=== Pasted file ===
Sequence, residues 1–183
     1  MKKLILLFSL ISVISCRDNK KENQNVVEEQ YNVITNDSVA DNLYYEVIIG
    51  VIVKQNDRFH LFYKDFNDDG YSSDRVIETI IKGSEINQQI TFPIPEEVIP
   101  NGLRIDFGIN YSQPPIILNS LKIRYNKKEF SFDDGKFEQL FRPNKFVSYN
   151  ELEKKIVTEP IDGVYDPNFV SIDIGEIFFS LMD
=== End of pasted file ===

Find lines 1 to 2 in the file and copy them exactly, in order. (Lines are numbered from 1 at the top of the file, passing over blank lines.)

Sequence, residues 1–183
     1  MKKLILLFSL ISVISCRDNK KENQNVVEEQ YNVITNDSVA DNLYYEVIIG